I didn't (and still don't) know what to make of this experience. Maybe the lost signal combined with the intense anaerobic exercise severely skewed my sensor readings? I talked to my rep about my experience and she asked the Dexcom engineers to look into the heart rate monitor issue. I will be disappointed if I can't use my heart rate monitor and Dexcom together, since the two are such great tools to measure athletic performance. I'll keep you updated once I hear something from Dexcom about the issue.

So, I initialized a new sensor, waited two hours for calibration, and Dexcom was back on track. Obviously, my new friend and I are still getting to know each other. I hope tomorrow isn't as weird as today has been.

Me climbing Mt. Shasta in July 2005.

My Dexcom shipment.

Sensor, transmitter, receiver.

Workout gadgets: can you say "Data Overload"?

The tools of the trade.

Dexcom receiver and Cozmo Insulin Pump.

Dexcom sensor catheter (left) vs Comfort infusion set (right).


April 4, 2006
I feel like a big balloon full of information that's ready to burst at any moment. Where should I start? I guess the beginning of the story would be the best place to start.

After I heard the Dexcom continuous glucose sensor was available to purchase ($500 plus $35/sensor) I couldn't fill out my order form fast enough. Customer service asked for a credit card number, prescription from my physician, and a shipping address for two day delivery. Real time continuous glucose sensors have been a dream of mine since I was first diagnosed with type 1 diabetes over 16 years ago. It's true that I've had success managing my diabetes with conventional finger stick testing and haven't let diabetes slow me down. However, it would be nice to know which direction my blood sugars are going, especially when I'm sleeping, triathlon training, or at a pizza party.

Over the next few days, while waiting for my sensor, I tried to predict the ways this new piece of technology would change my life. In the past I've been burned (quite literally sometimes) by promises of other continuous glucose monitors, watches, and even closed loop systems that all ended in disappointment. Rather than go down the pathway of building up lofty, potentially disappointing expectations, I came up with a short list of hopes for my new Dexcom device.

1. I hope the blood glucose readings are accurate.
2. I hope the trending data is useful.
3. I hope I can use this new information to better manage my diabetes.

Before I go any further, I'd like to make a few things clear. First, I do not work for nor am I compensated by Dexcom in any way. I'm writing this story because I think continuous glucose technology is interesting and exciting. Second, I am not a health care professional and do not give medical advice. I will share my experiences, but please check with your health care team before making any changes to your diabetes or health management. Back to my story…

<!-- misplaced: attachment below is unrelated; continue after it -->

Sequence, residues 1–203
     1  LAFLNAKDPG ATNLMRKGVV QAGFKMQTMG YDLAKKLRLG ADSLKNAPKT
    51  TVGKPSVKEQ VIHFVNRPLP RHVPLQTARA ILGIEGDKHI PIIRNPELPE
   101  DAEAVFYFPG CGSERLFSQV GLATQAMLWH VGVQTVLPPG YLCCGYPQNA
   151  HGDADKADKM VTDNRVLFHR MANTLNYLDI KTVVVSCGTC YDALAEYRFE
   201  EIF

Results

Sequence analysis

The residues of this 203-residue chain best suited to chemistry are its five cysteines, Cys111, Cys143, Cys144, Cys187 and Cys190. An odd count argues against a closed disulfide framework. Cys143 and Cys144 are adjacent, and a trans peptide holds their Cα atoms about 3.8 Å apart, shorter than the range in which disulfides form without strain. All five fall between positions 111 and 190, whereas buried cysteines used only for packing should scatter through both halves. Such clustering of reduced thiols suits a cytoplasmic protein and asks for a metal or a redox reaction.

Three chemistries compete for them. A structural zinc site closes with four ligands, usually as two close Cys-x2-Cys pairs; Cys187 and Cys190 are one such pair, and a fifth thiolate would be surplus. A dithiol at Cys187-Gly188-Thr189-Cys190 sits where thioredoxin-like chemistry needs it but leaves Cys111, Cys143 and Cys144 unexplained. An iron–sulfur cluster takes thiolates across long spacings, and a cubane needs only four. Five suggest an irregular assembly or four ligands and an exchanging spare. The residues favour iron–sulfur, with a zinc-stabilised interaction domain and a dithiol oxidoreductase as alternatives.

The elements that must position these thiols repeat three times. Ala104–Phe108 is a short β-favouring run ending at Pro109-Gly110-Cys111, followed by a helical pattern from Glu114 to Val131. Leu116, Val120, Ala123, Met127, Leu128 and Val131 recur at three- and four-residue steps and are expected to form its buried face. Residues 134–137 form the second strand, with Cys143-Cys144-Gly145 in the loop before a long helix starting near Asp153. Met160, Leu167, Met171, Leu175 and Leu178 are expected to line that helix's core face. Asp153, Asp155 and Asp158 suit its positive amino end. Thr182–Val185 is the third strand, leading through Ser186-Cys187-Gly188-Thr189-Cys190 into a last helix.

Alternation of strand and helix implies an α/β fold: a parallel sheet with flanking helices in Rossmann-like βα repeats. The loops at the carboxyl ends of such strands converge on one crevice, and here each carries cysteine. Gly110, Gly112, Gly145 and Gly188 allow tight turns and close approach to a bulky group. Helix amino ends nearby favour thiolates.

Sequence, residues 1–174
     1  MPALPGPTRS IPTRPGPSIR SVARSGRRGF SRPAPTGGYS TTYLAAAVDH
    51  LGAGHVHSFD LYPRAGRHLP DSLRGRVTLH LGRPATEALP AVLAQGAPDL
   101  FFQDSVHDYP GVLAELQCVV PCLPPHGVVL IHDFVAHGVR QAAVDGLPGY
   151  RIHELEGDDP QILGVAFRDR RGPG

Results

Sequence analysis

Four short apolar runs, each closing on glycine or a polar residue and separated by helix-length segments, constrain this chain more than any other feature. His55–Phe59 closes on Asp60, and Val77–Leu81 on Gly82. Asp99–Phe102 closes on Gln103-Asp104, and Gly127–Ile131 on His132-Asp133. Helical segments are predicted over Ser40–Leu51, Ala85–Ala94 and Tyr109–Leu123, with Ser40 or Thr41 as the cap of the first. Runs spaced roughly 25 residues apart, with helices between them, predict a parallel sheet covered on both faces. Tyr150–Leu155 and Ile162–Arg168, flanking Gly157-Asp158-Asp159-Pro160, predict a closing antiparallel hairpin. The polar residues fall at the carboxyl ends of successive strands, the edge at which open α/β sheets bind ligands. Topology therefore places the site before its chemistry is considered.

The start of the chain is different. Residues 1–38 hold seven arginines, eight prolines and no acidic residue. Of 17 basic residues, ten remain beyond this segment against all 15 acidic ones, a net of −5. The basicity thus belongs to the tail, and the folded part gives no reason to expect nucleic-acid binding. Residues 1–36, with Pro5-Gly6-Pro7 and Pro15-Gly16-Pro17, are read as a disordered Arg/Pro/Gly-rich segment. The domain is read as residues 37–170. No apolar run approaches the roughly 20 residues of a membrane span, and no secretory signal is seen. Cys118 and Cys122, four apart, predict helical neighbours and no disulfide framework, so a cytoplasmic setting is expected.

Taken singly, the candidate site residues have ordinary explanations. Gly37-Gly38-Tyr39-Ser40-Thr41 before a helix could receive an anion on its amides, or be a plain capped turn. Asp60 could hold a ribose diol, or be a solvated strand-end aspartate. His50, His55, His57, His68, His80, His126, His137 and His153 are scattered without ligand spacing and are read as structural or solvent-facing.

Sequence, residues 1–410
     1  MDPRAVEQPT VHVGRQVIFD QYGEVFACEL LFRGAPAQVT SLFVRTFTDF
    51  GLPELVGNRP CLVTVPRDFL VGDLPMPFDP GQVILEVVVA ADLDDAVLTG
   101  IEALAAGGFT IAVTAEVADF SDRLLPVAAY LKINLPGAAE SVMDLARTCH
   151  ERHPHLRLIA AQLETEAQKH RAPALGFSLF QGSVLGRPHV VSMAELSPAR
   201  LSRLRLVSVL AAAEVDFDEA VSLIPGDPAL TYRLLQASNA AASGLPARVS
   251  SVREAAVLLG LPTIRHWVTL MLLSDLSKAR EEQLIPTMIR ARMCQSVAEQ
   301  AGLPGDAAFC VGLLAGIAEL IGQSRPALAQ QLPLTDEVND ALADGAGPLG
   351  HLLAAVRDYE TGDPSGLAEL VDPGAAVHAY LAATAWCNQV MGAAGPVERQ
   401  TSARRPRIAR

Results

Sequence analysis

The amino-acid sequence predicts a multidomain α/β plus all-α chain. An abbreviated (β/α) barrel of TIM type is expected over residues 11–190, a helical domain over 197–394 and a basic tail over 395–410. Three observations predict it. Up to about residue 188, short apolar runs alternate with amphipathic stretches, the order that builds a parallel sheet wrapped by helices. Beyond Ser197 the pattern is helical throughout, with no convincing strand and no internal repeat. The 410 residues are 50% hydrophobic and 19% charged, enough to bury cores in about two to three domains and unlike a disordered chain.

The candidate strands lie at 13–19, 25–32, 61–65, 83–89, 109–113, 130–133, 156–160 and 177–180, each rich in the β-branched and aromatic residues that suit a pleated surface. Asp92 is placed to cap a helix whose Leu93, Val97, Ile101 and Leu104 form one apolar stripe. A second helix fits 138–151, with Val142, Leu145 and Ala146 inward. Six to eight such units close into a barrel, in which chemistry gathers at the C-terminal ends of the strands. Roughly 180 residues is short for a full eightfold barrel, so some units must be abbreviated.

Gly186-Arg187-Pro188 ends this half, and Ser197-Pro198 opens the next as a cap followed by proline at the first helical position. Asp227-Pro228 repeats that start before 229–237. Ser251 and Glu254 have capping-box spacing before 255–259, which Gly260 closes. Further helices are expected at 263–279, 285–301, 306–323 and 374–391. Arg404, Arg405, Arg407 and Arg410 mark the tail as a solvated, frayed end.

A box arrived via FedEx and I ripped it open to find my Dexcom starter kit (receiver, transmitter, 2 sensors, receiver charger plug, Ultra cable, belt clip) and a 5 pack of sensors (3 day wear each). The next morning I rushed to my Endocrinologist's office to put on my new sensor with the help of the local Dexcom rep.

My Endo, diabetes educator, and I were very excited while we waited for the Dexcom rep to arrive. After a few short minutes, she arrived and told me that I was the first adult in the San Francisco Bay Area to officially go on a Dexcom. Before we started, she also told me a few interesting and somewhat surprising details about the system:

  • The sensor must be calibrated by plugging in an Ultra meter and doing a finger stick. Apparently, Lifescan is the only meter company that gives public access to their technical specs. The rep assured me that Dexcom does not receive compensation from Lifescan. You must initially calibrate the sensor 2 times and then once every 12 hours.

  • The sensor is not waterproof. For showering, they recommend covering the sensor with a "Shower Patch" (sold separately, $6 for 10 patches) which sounds like a large piece of IV3000. The patch shouldn't be worn for extended periods of time because the humidity/moisture will interfere with the sensor.

  • The PC software is currently not available, but should be soon.

  • The warranty and expected life is 6 months for the transmitter ($250 to replace) and 12 months for the receiver ($500 to replace). This means there will be more significant costs to me in addition to the $35 sensors. I should have allocated more money to my flex account, oh well.

The training and instruction was simple and took about ten minutes. First, I inserted the sensor with ease, after a few practice sessions. I felt a little poke at the insertion site, but it was relatively pain free. Next, I attached the transmitter on top of the sensor with a small breakaway lever. The sensor and transmitter were very comfortable to wear and weren't much bigger than a Comfort/Tender/Silhouette infusion set. The last step was to initialize the receiver and set my high and low BG thresholds. The receiver is an oval device about the size of a cell phone, circa 1998. The sensor has a two hour warm up period and at that time will prompt me to enter two BG readings from my new Ultra meter.